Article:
We can best illustrate this point by discovering the double meaning of the Hebrew word « tof », which can be translated as tambourine and /or as new born child. Both readings are interesting, both are rich in meaning and they are fully complimentary.

The first reading is the factual historical one – the tambourine is an Egyptian musical instrument which was used to make music and rhythm to call first women together ans then the men. Has Egypt given the Hebrews something of tangible value - the tambourine (8).

The second reading (new born child) gives us a symbolic interpretation. Miryam takes in her hands the tambourine / new born baby. Is-n-she, the inspired, the prophetess ? Don't the baby's virgin eyes open on a new situation, a situation of freedom, far from Egypt but face to face with Yahvé ? After the trauma of delivery, the living baby embodies the hope contained within this new situation for a nation which is gradually discovering or re-discovering its religious identity. This mob of escaping slaves must experience a spiritual birth to acquire a new vision on their very existence and all that it comprises. The Hebrew people have to put their slave mentality behind them and enter into the partnership of an alliance. We are watching the first steps towards a collective awareness of a new relationship with God. It may be that in other circumstances we may be called to take a similar step. Because of this special new-born child that a woman presents to God, she too has been delivered and born to a new life. She has become the spiritual mother who expresses for the child and before the other leaders the event of liberation in its relation with transcendence.

It is not sufficient simply to hold the tambourine-baby. As the message must be expressed more clearly. Miryam initiates a dance movement accompanied by a song, using her body and her voice, her whole physical entity. At first the words are feminine, but each woman and man can take them.

In the old Testament tradition, we frequently find the songs (9) composed by women for great events, births and deaths, preparation for battle, victory or defeat. The song of Miryam is in the same style but here it is destined to celebrate the victory of Yahvé (10).

Miryam propose to dance this victory and to praise God who is both the Creator and the Liberator. Her song (v.21 is later included in the song of Moses) is one of the first, even the very first, liturgical confessions of faith ( = credo) of the Hebrews (11).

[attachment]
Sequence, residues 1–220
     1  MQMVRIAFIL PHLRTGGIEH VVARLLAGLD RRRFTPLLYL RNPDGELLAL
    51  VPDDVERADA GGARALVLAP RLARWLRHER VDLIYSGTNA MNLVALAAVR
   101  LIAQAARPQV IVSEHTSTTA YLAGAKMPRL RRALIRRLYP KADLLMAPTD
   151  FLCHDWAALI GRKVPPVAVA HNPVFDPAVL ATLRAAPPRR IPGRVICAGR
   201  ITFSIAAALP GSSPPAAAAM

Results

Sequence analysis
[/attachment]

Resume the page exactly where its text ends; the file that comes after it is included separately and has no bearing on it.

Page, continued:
In this act of worship we notice as well that the women dance in a certain rhythm. This movement at a common time and place links both space and time which are the two dimensions in which all human life is bounded. Thus the mark of the universal is integrated into a specific human situation.

This historic episode of Miryam reminds us of another occasion in the Old Testament when David dances before the Ark of the Covenant. We too have the possibility to use gestures and dances in order to worship God. We see this dynamism in the manner of many Christians (and followers of other faiths too) who add physical movement and gestures to their prayers. The proximity of God stimulates those whom he approaches to bubble over with joy, a joy which needs to be expressed corporally.

In addition, this manner of expressing both space and time by a physical presence links us to the whole cosmos in two of its basic dimensions. The cosmos thus takes part in the worship and with and by the action of the human body joins in the reconciliation between humanity and God.

We find here one of the major preoccupations of present day churches (as we see in the Oecumenical Assemblies of Basel, Séoul, etc.) how to understand both human existence and the existence of the elements of the cosmos as integral parts of God's creation. When for a moment we can live the solidarity between the whole creation and worship together our Creator, we can then announce the possibility of a complete reconciliation of the creation with its source. Throughout the history of Israël, this element is always present in the ceremony of the Shabbath.